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Member since: Fri Sep 17, 2004, 03:59 PM
Number of posts: 63,202

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Trump said he won't impose the sanctions despite a veto-proof majority

This was the vote on Russian Sanctions:

House: 419-3
Senate: 98-2

Today, Trump said he won't impose the sanctions despite a veto-proof majority.

Congratulations, America. Laws are meaningless now.

There is a country whose leader is being investigated by an agency that's being investigated secretly by a legislator who was on the leader's transition team, which that agency is investigating for colluding with a nation that's subject to sanctions the leader refuses to enforce.


Comey: "McCabe stood tall-when small people were trying to tear down institutions we all depend on"

Special Agent Andrew McCabe stood tall over the last 8 months, when small people were trying to tear down an institution we all depend on. He served with distinction for two decades. I wish Andy well. I also wish continued strength for the rest of the FBI. America needs you.


NBC's Pete Williams: FBI Deputy Director Andrew McCabe stepping down





Someone should show this to The Stable Genius.

Congratulations to Mehul Garg,a 10-year-old Indian-origin boy in UK who has beaten Albert Einstein and Stephen Hawking in Mensa IQ test.Mensa is said to be the High IQ Society in the world.His old brother too scored the highest last year.S


Natalia Veselnitskaya, who organized notorious Trump Tower meeting-Exposed In Swiss Corruption Case

Trump Tower Russian Lawyer, Natalia Veselnitskaya, Exposed in Swiss Corruption Case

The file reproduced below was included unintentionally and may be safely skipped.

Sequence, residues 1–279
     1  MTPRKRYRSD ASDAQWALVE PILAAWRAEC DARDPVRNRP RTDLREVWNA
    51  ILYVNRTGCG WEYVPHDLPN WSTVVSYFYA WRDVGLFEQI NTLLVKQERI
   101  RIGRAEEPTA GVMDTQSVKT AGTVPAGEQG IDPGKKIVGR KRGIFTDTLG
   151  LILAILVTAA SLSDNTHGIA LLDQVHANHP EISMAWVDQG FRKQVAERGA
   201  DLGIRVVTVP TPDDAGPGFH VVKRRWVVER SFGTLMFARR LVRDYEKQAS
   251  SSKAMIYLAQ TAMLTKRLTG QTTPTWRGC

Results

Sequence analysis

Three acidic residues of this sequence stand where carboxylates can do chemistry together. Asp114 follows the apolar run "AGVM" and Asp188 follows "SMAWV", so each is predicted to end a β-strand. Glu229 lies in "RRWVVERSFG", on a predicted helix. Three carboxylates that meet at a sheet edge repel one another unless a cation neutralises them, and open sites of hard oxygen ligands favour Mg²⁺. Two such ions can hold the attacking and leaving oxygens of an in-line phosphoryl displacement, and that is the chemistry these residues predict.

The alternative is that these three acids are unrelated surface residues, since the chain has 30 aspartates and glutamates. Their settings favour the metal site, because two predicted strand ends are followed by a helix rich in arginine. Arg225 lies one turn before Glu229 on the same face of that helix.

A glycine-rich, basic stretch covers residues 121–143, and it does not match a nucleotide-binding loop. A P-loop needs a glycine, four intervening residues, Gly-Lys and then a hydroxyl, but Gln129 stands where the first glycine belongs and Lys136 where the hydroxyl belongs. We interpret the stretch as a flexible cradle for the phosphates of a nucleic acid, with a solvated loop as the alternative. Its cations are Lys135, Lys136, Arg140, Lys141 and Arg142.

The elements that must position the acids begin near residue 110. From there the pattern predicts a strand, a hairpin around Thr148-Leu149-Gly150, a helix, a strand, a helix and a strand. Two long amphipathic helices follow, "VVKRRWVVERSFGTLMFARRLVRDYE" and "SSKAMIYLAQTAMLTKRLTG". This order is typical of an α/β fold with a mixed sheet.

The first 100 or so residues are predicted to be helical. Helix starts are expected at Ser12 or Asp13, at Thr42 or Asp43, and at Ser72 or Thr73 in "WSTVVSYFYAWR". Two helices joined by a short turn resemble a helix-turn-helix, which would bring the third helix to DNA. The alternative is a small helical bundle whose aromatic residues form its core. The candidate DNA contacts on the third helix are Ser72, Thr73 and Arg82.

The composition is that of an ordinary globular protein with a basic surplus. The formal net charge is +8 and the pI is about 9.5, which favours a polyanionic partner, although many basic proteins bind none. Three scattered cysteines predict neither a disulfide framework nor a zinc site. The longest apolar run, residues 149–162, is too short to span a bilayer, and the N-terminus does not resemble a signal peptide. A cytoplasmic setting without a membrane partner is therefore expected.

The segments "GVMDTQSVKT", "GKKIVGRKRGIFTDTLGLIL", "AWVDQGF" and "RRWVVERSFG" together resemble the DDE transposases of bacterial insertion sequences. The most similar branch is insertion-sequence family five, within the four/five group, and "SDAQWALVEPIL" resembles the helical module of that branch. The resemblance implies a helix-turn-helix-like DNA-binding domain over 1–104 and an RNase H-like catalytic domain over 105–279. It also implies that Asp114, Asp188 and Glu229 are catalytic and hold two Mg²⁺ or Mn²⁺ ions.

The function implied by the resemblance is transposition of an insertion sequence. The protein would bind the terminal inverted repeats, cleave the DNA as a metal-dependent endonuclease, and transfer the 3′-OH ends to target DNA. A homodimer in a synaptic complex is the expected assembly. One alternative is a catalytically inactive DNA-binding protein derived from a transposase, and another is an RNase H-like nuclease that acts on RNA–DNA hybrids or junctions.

Natalia Veselnitskaya, who organized the notorious Trump Tower meeting, has been named in an explosive Swiss court case about bribery, corruption, and double-agents.

01.29.18 8:00 AM ET
LONDON—The Moscow operation behind the now-infamous Russian-Trump Tower meeting in June 2016 included a direct attempt to enlist a foreign country’s law-enforcement official as a virtual double-agent, according to a court case in Switzerland.

One of Switzerland’s top investigators has been fired after allegations of bribery, violating secrecy laws, and “unauthorized clandestine behavior” in meeting with the very same Russian actors linked to the Trump Tower encounter.

Details of the explosive case have been published by investigative reporters for the Tribune de Genève and Tages-Anzeiger newspapers in Switzerland. The officer, identified only as Victor K., traveled to Moscow—against the expressed wishes of his superiors—where he spoke to Natalia Veselnitskaya, the lawyer who met with Donald Trump Jr., Paul Manafort, and Jared Kushner at Trump Tower.

The meeting was reportedly set up by Russian Deputy Attorney General Saak Albertovich Karapetyan—from the same rogue department that was apparently responsible for offering intel on Hillary Clinton to be shared at the Trump Tower meeting and the Kremlin’s further plots to influence U.S. politics.

The reports, which are based on Swiss court papers, describe how K. was lured to Moscow during a call from Karapetyan before Christmas 2016. He was told not to go by his boss, ostensibly because he was working too much overtime, but he made the trip anyway, using his diplomatic passport to fly to the Russian capital. There, he was put up in a luxury hotel and asked to attend an unexpected meeting with Veselnitskaya.

In the case against K.—who had been entrusted with investigating the Swiss financial arrangements of the Russian mafia and oligarchs for decades—it emerged that he had previously met Karapetyan in Geneva and Zurich, as well as Russia “without the knowledge of his superiors.”

According to the Tages-Anzeiger report, the Swiss Federal Administrative Court ruled this amounted to unacceptable “unauthorized clandestine behavior” that brought the integrity of the Federal Criminal Police into question. “In particular, it gives the impression that they do not have their employees under control and thus creates an unpredictable security risk in their delicate field.”


BREAKING NEWS: Trump Is NOT A Feminist!


Asked about his treatment of women, Trump says he has “tremendous respect” for women but does not consider himself a feminist.

“I think that would be, maybe, going too far,”